I have to admit I probably would never have bought this book if it wasn't revealed to have been written by J.K. Rowling under the pseudonym, Robert Galbraith, as well as the fact that it's a crime novel (as I didn't get her last novel, the Casual Vacancy due to it's plot, and genre not appealing to me).
After model, Lula Landry supposedly commits suicide, her lawyer brother hires private detective, Cormoran Strike to investigate it, believing it to be murder instead of suicide.
This was a fantastic book, and one of the most realistic crime novels that I've read in a good while. Now first of all I'll get the whole J.K. Rowling being the actual writer of this book out of the way. If I'm being honest if I didn't know that she was the true writer of this novel I'd probably have never noticed the similarities to her work, but cause I do I noticed a very similar writing style, as although the book is very different to the Harry Potter novels, there were similarities in the writing style. The main thing as I said that I liked about this book was the realism of it, as there are a lot of crime novels that feel all Hollywood like, and unrealistic in the normal world, whereas this feels very natural. It was also very gritty, which helped make it much more realistic, as well as dynamic. Besides the realism, the depth of character was probably the next best thing about this novel, as everyone had such unique, and interesting personalities that were described perfectly. The book was however not perfect, as due to the realism it lacked action, which meant it also lacked in excitement, as although the dramatic, and suspenseful tone of the story kept me gripped, the lack of excitement was a little disappointing, hurting the overall quality. I would however also add that this has quite a bit of bad language, as well as the odd sexual reference, meaning that it's definitely for adults, and not children who love Harry Potter, and magic.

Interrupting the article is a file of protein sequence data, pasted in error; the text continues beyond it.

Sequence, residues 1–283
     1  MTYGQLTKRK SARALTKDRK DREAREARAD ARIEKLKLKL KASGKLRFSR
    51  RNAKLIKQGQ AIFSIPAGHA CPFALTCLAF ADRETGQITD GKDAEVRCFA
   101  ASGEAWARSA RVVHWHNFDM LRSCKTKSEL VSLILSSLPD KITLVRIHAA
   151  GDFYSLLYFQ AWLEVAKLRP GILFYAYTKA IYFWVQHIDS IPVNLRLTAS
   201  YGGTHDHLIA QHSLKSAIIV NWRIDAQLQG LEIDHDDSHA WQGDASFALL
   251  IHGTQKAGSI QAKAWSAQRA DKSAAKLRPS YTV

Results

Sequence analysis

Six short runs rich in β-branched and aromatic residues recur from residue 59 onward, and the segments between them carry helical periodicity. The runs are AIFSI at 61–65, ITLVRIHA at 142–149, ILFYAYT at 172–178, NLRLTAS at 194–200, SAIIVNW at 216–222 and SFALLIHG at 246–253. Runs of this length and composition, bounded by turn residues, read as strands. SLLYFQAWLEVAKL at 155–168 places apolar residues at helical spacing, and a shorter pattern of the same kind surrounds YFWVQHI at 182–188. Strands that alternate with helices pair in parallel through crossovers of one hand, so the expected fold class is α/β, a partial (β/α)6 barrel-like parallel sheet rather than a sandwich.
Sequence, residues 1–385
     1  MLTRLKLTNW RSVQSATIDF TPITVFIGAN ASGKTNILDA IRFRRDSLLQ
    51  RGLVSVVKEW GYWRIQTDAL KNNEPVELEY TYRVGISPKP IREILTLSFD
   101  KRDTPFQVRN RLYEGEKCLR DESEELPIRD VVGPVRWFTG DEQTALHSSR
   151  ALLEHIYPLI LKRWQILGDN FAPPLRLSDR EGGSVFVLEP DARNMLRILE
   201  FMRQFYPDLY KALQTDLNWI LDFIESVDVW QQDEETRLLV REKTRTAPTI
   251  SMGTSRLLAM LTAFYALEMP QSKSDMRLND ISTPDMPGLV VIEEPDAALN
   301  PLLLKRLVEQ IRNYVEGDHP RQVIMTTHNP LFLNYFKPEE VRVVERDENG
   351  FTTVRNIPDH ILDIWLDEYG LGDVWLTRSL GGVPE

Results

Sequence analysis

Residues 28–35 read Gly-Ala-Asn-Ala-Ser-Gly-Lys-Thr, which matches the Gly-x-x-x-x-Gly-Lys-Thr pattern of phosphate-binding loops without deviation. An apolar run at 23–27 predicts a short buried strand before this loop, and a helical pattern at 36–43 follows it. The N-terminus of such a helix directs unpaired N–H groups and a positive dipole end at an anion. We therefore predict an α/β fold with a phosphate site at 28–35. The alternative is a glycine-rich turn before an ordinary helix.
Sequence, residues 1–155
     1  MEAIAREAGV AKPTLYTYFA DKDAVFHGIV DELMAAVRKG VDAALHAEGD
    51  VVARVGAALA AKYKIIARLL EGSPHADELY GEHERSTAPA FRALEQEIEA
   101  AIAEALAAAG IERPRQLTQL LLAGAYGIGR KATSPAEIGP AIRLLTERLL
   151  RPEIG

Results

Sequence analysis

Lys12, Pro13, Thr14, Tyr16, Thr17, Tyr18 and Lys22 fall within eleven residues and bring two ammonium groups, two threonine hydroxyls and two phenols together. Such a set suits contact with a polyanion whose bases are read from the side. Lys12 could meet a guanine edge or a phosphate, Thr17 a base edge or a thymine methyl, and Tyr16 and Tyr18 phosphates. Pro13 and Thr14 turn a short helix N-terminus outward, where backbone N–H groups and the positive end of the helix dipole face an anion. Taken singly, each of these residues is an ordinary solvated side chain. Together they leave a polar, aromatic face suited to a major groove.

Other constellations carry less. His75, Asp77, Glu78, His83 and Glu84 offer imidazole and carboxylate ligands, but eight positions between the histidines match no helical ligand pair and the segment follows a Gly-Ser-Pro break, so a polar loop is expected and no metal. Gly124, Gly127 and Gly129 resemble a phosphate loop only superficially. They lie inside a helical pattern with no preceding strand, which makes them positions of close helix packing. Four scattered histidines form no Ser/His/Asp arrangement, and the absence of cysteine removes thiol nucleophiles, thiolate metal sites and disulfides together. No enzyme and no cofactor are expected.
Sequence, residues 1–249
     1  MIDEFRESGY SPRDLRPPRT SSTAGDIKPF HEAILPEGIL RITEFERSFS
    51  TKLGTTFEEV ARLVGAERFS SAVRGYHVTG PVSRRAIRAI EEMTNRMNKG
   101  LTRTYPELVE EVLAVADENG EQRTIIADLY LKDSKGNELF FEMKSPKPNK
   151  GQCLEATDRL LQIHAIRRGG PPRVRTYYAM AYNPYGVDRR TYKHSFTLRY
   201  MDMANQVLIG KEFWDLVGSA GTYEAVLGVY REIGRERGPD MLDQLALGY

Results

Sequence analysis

The main character in this novel is a private detective named Cormoran Strike, who used to be in the army until he lost half a leg to a land mine. Strike is also the illegitimate son to a famous musician named Jonny Rockeby, with life not being too kind to him, being heavily in debt, as well as splitting from his fiancée. Overall I found Strike to be a very interesting, and deep character, with a lot to him that doesn't initially show. I liked that he was a determined, and strong person, who didn't let his disability defeat him, as well as his debt. I also found it interesting that in some ways Strike is an underdog, as with all his problems it's easy to feel sorry for him, and it wouldn't be surprising if things got worse. He is also however not the typical underdog that you'd want to root for, as there are quite a few unpleasant parts to him, and you probably wouldn't want to be associated with him. There is however a lot more to this character, as you can tell he's a good hearted person, but also a proud, and strong person, which made him very interesting.